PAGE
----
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Chris Lele

The New SAT Writing Section: Clauses

Clauses in Redesigned SAT Writing

Which of the following two examples is not a sentence?

    He was tired.
    Because he was tired.

Only the first one is a sentence. The second is a fragment.

Both of these, however, are clauses. So what exactly is a clause? Well, a clause is a phrase that contains a subject and a verb. It may or may not be a sentence.

So what’s the point of a clause? And what is the SAT really testing you on when it mentions clauses?

To answer the first question: breaking up long sentences into clauses helps us to better understand what each part of the sentence is doing.

This will also help you be able to tell when you are dealing with an actual sentence or when you are dealing with a fragment or a run-on. Which answers the second question: what does the SAT want you to know?

Sentence with Two Clauses

Now let’s take a look at a sentence that is made up of two clauses:

Because he was tired, Charlie decided not to run the race.

The first clause, “because he was tired”, is not a sentence. We call this a subordinate clause because it is not the most important part of the sentence. Hence, it is subordinate or secondary to the main part or man clause of the sentence, “Charlie decided not to run the race”. In other words, the big idea is that Charlie didn’t run the race.

It’s important to note that a subordinate clause is also called a dependent clause, because it “depends” on another clause. Otherwise, it’s just a sentence fragment. Similarly, a clause that is a complete sentence is called an independent clause. It’s independent; it doesn’t need to rely on any other clauses to be a sentence. The SAT is not going to test you on the exact terminology, but it will test you on the ability to determine whether a clause is a fragment.

Practice Exercise:

Among the following examples, see if you can figure out which are sentences and which are fragments.

1) Though she participated often in class, hoping to get an ‘A’.

2) Hoping to get an ‘A’, she participated often in class.

3) Growing up in a household in which everyone watched baseball, David knowing all of the rules of the game.

4) Because he studied, he passed.


There are things I did in the sentences above. One is I relied on what are called subordinating conjunctions. Yep, as you can guess they relate to subordinate clauses. Indeed, if I take a simple sentence like “he studied” and if I add a subordinating conjunction in front of it, what was a sentence is no longer a sentence; it is now a subordinate clause.

This might seem counterintuitive since we would think that adding a word to a clause would make it less “fragment-y”. But that is not the case, if that word is a subordinating conjunction.

Subordinating conjunctions include because, although, even though, since, nevertheless, whereas, while.

There are more, but a good shortcut to identifying whether a word is a subordinating conjunction—and therefore a word that can make a perfectly valid sentence and a dependent clause—is to ask yourself the following: Does it provide a reason, contrast, or condition for the main clause?

Unless you finish all of your broccoli, you can’t have any ice cream. = Condition

Sarah was a star athlete, whereas her sister, Maggie, would rather not get up off the couch = Contrast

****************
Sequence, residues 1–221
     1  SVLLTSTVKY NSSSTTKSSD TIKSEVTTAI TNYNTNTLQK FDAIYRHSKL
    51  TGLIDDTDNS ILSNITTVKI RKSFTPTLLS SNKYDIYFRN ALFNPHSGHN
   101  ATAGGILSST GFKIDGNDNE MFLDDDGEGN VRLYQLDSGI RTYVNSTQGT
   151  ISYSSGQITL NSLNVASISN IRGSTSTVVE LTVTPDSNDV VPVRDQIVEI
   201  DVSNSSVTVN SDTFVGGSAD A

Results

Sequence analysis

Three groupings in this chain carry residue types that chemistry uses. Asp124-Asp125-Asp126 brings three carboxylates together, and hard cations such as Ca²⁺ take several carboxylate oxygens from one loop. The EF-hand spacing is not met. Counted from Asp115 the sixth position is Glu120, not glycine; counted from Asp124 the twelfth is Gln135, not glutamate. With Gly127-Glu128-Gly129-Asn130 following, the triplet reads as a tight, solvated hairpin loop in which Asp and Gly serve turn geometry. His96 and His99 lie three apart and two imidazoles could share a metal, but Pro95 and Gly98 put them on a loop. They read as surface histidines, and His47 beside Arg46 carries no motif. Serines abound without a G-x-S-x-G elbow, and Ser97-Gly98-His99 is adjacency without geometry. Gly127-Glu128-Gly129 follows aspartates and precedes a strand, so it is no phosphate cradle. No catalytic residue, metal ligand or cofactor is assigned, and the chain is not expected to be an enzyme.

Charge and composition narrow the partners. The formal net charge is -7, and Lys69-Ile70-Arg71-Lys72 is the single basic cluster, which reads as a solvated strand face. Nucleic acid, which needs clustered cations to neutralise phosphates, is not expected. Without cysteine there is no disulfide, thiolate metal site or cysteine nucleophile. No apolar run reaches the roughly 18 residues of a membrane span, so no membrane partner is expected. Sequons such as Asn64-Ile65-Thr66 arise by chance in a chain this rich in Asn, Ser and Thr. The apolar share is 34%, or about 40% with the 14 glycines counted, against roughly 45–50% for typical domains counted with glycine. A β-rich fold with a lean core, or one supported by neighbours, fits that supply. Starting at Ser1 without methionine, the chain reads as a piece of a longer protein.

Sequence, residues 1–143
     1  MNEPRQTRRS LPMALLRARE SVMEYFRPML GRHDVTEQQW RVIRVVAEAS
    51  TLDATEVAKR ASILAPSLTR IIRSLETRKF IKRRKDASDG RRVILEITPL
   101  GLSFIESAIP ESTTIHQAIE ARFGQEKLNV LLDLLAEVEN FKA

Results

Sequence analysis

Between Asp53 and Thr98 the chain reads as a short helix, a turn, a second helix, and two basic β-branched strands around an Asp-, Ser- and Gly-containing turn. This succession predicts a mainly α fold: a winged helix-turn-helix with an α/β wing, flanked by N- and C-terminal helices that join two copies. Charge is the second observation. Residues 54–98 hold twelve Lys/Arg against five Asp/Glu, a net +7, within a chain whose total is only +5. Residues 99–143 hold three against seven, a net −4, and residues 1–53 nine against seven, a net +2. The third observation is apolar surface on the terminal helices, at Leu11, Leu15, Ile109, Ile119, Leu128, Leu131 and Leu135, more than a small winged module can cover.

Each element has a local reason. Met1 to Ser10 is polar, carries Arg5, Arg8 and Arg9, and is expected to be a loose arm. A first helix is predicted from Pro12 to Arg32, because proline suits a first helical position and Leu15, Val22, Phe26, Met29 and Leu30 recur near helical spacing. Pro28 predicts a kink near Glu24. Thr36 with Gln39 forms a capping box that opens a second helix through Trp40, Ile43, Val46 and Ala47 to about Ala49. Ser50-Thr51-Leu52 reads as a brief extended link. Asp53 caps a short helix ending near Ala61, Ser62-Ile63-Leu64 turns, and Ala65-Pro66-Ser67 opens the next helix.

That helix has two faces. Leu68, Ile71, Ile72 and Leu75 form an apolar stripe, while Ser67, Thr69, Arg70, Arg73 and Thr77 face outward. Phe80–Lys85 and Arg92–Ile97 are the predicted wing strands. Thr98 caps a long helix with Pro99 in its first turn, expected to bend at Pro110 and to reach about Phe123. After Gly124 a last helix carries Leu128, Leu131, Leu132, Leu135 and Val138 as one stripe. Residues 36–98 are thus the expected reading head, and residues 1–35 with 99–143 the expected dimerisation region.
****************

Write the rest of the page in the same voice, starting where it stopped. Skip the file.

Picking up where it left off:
Now back to the four questions above.

1) The first part is a dependent clause (notice that subordinating conjunction “though”). The second part is a phrase, an orphan in search of a verb and a subject. Put that together with the dependent clause and you get a fragment.

2) A sentence. The first part technically isn’t a clause but a modifying phrase (more on these later). But since the second part (the clause after the comma) has a noun subject and a verb, and no subordinating conjunction, it is sentence. Put that together with the first phrase and you get a complete sentence.

3) The set up here looks very similar to #2. Notice, however, that the second clause doesn’t have an actual verb. It has the participle “knowing”, making the second clause gibberish. Therefore, #3 is not a sentence. Had “knowing” been “knew”, #3 would be a totally valid sentence.

4) First off, you can start a sentence with “because”, as long as you have a comma at the end of the first clause and the second clause is an independent clause. Since, “he passed” has a noun subject (“he”) and a verb (the past tense of pass), #4 is a sentence.


Knowing the difference between dependent/subordinating and independent/main clauses will set a strong foundation for of the grammar that follows. You’ll be able to spot the comma splice (something the SAT loves testing), understand semicolon use, and know when to use and not to use commas.


Need some practice? Magoosh now offers online test prep for the New SAT exam (with lots of practice questions to help you improve). We also give discounts to students who purchase subscriptions for more than one exam. Learn more at newsat.magoosh.com.


About Chris Lele

Chris Lele is the GRE and SAT Curriculum Manager (and vocabulary wizard) at Magoosh Online Test Prep. In his time at Magoosh, he has inspired countless students across the globe, turning what is otherwise a daunting experience into an opportunity for learning, growth, and fun. Some of his students have even gone on to get near perfect scores. Chris is also very popular on the internet. His GRE channel on YouTube has over 8 million views.

You can read Chris's awesome blog posts on the Magoosh GRE blog and High School blog!

You can follow him on Twitter and Facebook!

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